问题描述:

I usually do this:

git commit -m "My hands are typing words!"

I am gettin' tired of that, so I made this batch:

@echo off

set var=%*

git commit -m "%var%"

Which works as:

commit.bat blah blah blah

So I can drop the -m and the quotes, but it adds .bat. When I remove file extension, git Bash tries to interpret the batch as bash. So I need to use bash syntax instead. That's fine, I tried this:

#!/usr/bin/bash

git commit -m "[email protected]"

That doesn't work, it passes arguments as multiple arguments. It invokes this:

git commit -m My hands are typing words!

I tried to add even more quotes (git commit -m ""[email protected]""), no effect.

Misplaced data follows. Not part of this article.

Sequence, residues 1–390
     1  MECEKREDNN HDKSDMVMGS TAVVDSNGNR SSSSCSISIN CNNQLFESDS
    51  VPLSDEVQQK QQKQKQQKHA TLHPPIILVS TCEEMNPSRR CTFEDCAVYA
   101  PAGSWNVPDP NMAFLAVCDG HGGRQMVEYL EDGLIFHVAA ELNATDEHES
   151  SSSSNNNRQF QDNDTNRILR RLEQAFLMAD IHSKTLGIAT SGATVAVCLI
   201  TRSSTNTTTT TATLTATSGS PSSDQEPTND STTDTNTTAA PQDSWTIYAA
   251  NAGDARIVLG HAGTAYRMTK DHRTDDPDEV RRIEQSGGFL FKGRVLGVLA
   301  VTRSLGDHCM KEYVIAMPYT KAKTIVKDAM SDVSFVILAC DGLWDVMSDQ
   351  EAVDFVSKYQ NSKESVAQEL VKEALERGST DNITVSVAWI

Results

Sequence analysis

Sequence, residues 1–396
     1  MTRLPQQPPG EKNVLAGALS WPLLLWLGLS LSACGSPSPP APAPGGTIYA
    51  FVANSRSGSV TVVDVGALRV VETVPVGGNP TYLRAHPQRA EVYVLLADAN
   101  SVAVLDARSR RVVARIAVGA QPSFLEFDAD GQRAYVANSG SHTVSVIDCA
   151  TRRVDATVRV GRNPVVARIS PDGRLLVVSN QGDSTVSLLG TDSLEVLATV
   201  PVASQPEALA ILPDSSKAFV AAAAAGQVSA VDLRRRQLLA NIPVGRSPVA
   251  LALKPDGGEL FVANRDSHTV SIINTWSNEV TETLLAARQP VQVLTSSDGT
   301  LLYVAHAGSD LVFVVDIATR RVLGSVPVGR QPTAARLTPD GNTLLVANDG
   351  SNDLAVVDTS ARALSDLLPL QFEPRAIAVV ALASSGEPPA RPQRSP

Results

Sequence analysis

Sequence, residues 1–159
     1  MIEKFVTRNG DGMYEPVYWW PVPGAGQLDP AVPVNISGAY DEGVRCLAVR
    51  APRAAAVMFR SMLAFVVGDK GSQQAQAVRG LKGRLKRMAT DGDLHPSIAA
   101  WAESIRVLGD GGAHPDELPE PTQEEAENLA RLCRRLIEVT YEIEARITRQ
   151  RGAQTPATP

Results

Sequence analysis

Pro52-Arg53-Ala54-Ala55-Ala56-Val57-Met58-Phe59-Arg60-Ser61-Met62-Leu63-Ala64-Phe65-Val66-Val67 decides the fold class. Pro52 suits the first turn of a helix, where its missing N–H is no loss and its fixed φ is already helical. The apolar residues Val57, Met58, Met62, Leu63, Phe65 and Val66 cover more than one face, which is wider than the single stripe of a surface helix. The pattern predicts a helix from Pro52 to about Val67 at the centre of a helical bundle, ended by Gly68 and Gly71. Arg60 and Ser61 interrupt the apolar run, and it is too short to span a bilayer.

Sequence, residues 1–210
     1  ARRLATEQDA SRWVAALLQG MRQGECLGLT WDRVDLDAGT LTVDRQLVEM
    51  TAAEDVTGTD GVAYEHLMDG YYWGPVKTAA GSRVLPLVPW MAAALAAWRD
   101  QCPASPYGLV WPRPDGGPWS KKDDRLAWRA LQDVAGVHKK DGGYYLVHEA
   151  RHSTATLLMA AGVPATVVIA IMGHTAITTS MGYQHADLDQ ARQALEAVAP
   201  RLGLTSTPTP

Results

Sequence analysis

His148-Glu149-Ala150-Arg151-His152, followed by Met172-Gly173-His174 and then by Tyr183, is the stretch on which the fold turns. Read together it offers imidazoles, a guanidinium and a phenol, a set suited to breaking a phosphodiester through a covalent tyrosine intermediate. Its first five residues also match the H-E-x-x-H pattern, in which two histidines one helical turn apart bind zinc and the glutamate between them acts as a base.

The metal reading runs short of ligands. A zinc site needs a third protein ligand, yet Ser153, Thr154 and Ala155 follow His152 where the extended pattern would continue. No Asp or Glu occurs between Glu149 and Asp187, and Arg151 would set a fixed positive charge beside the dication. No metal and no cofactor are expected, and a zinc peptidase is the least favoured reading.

So how do I convert all arguments to a string that can be passed in bash to another command?

网友答案:

You can use "$*" instead of "[email protected]".
This sample script should explain it:

$ cat a.sh
#!/bin/bash
echo '$*:'
printf "%s\n" $*
echo
echo '"$*":'
printf "%s\n" "$*"
echo
echo '[email protected]:'
printf "%s\n" [email protected]
echo
echo '"[email protected]":'
printf "%s\n" "[email protected]"

$ ./a.sh a b "c    d"             e
$*:
a
b
c
d
e

"$*":
a b c    d e

[email protected]:
a
b
c
d
e

"[email protected]":
a
b
c    d
e

But correctly, you should use "$1" & quote your message string before passing to the script.
In above example, you can see that the spaces between c & d are retained, but those between "c d" & e are lost.

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